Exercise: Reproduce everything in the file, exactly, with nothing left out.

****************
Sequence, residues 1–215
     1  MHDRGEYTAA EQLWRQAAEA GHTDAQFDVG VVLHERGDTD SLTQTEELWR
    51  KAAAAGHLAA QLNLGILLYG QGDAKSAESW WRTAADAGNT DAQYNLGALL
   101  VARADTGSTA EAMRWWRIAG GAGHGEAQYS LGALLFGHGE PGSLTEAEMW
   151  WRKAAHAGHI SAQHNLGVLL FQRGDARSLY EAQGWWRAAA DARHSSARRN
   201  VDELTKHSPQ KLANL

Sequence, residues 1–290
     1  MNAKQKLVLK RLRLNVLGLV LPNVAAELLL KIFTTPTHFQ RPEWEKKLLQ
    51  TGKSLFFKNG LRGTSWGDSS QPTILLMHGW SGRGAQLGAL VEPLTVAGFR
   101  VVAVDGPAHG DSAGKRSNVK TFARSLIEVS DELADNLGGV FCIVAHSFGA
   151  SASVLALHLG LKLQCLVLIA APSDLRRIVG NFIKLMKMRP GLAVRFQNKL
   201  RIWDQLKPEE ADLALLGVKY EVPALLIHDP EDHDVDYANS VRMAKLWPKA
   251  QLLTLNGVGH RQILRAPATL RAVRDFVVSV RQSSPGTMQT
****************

Sequence, residues 1–215
     1  MHDRGEYTAA EQLWRQAAEA GHTDAQFDVG VVLHERGDTD SLTQTEELWR
    51  KAAAAGHLAA QLNLGILLYG QGDAKSAESW WRTAADAGNT DAQYNLGALL
   101  VARADTGSTA EAMRWWRIAG GAGHGEAQYS LGALLFGHGE PGSLTEAEMW
   151  WRKAAHAGHI SAQHNLGVLL FQRGDARSLY EAQGWWRAAA DARHSSARRN
   201  VDELTKHSPQ KLANL

Sequence, residues 1–290
     1  MNAKQKLVLK RLRLNVLGLV LPNVAAELLL KIFTTPTHFQ RPEWEKKLLQ
    51  TGKSLFFKNG LRGTSWGDSS QPTILLMHGW SGRGAQLGAL VEPLTVAGFR
   101  VVAVDGPAHG DSAGKRSNVK TFARSLIEVS DELADNLGGV FCIVAHSFGA
   151  SASVLALHLG LKLQCLVLIA APSDLRRIVG NFIKLMKMRP GLAVRFQNKL
   201  RIWDQLKPEE ADLALLGVKY EVPALLIHDP EDHDVDYANS VRMAKLWPKA
   251  QLLTLNGVGH RQILRAPATL RAVRDFVVSV RQSSPGTMQT